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Duncan v. Nunez

United States District Court, W.D. Louisiana, Alexandria Division

November 12, 2019

MARCO DAMON DUNCAN, Plaintiff
v.
JOSE NUNEZ, ET AL., Defendants

          DRELL JUDGE.

          MEMORANDUM ORDER

          JOSEPH H.L. PEREZ-MONTES UNITED STATES MAGISTRATE JUDGE.

         Before the Court is a Motion for Contempt (Doc. 186) filed by pro se Plaintiff Marco Damon Duncan (“Duncan”) (#37679-048). Duncan is an inmate in the custody of the Federal Bureau of Prisons incarcerated at the United States Penitentiary in Florence, Colorado.

         Because Defendants have produced the supplemental discovery responses ordered by the Court, Duncan's Motion for Contempt (Doc. 186) is DENIED.

         I. Background

         Duncan initiated this litigation pursuant to Bivens v. Six Unknown Agents of the Federal Bureau of Narcotics[1] (Docs. 1, 16, 20) alleging that he was subjected to excessive force when he was incarcerated at the United States Penitentiary in Pollock, Louisiana.

         Duncan previously filed a Motion to Compel Discovery (Doc. 120) arguing Defendants failed to respond to Duncan's Second Request for Production of Documents. Duncan's motion also asserted Defendants had not produced all available video surveillance footage in their possession. (Doc. 120, p. 2). On July 8, 2019, the Court denied in part and granted in part Duncan's Motion to Compel Discovery (Doc. 120). (Doc. 164). Defendants were ordered to “supplement their responses to document request numbers 4, 5, 6, 7, 9, and 10, or certify that no responsive documents exist, on or before July 29, 2019.” (Doc. 164).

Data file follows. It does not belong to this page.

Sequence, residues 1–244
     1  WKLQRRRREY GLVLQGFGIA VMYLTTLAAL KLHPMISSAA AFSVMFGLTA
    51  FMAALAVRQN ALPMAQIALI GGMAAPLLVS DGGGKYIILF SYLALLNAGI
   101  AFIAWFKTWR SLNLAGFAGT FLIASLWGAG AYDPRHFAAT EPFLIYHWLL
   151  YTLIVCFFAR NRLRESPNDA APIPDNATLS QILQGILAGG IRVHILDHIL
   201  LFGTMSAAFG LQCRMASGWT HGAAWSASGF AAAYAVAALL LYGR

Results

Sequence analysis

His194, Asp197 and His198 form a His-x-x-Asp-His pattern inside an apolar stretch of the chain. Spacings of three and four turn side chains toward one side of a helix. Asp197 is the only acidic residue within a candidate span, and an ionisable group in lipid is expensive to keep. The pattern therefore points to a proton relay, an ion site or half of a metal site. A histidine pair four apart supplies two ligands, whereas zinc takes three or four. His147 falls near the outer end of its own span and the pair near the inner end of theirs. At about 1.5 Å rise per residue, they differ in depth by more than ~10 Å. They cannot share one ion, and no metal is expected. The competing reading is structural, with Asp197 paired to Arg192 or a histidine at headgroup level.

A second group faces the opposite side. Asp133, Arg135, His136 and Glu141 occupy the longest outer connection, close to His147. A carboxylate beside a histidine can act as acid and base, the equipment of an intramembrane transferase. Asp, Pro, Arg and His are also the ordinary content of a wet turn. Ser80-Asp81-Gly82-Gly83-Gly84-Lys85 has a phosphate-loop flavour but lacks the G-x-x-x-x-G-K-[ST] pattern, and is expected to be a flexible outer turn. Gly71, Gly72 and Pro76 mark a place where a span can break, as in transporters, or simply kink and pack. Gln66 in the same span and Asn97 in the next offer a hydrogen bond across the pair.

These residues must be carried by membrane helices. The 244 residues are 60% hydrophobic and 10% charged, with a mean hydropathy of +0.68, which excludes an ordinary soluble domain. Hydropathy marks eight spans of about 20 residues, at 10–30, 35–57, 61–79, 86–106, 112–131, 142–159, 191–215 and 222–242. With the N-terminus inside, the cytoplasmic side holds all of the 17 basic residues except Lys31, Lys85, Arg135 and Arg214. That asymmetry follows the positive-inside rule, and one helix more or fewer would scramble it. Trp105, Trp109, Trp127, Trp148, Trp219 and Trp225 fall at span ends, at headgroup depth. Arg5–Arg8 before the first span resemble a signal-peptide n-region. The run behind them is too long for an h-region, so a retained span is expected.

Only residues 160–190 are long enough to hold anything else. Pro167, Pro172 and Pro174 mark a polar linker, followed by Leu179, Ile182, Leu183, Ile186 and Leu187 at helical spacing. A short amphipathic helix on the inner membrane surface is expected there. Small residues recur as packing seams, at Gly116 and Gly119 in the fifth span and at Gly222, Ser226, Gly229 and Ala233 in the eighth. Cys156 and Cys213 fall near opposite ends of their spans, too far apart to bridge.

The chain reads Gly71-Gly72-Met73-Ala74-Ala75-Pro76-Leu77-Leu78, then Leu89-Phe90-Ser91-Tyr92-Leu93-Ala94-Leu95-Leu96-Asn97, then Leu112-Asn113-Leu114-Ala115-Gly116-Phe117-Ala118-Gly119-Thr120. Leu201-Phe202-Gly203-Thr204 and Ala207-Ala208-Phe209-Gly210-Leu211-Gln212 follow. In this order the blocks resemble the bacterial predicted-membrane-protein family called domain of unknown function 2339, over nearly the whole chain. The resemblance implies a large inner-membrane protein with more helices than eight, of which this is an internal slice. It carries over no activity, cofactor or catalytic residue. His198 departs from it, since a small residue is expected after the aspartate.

Duncan now seeks to hold Defendants in contempt of this Court's Order (Doc. 164) for failing to produce the CD referenced in Defendants' Supplemental Response Number 4, for failing to provide complete records in relation to Supplemental Response Number 5, and for “ignoring” the “videotapes and documents aspect of the Request for Production, to which the Court ordered a certified response.” (Doc. 186). Duncan attaches Defendants' Supplemental Response to Plaintiffs' Second Request for Production of Documents (Doc. 186-3, p. 1) and Chain of Custody Forms (Doc. 186-3, pp. 4-12). Duncan contends Defendants have not provided chain of custody logs for Item Numbers POL-17-00001 through POL-17-00049. (Doc. 186-2, p. 1).

         II. Law and Analysis

         Federal Rule of Civil Procedure 37(b)(2) provides that when “a party . . . fails to obey an order to provide or permit discovery, including an order under Rule 26(f), 35, or 37(a), the court where the action is pending may issue further just orders.” Fed.R.Civ.P. 37(b)(2)(A). A party commits contempt when he violates a definite and specific order of the court requiring him to perform or refrain from performing a particular act or acts with knowledge of the court's order. Travelhost, Inc. v. Blandford, 68 F.3d 958, 961 (5th Cir. 1995).

         “A movant in a civil contempt proceeding bears the burden of establishing by clear and convincing evidence (1) that a court order was in effect, (2) that the order required certain conduct by the respondent, and (3) that the respondent failed to comply with the court's order.” Test Masters Educational Services, Inc. v. Singh, 428 F.3d 559, 581-82 (5th Cir. 2005). The evidence must be “‘so clear, direct and weighty and convincing as to enable the fact finder to come to a clear conviction, without hesitancy, of the truth of the precise facts of the case.'” Id. at 582 (quoting Piggly Wiggly Clarksville, Inc. v. Mrs. Baird's Bakeries, 177 F.3d 380, 383 (5th Cir. 1999)).

         Here, Duncan seeks to hold Defendants in contempt of this Court's order (Doc. 164) for failing to supplement their discovery responses to Duncan's Second Request for Production of Documents. (Doc. 186). However, on July 29, 2019, Defendants issued supplemental discovery responses to Duncan in compliance with this Court's order. (Doc. 186-3, pp. 1-3). Defendants stated:

No. 4: Please produce copies of any and all photographs taken by Lieutenant Stephen Coggins on January 13, 2017, that show any areas inside or around the B-2 housing unit, secured or main corridors, and outside ...

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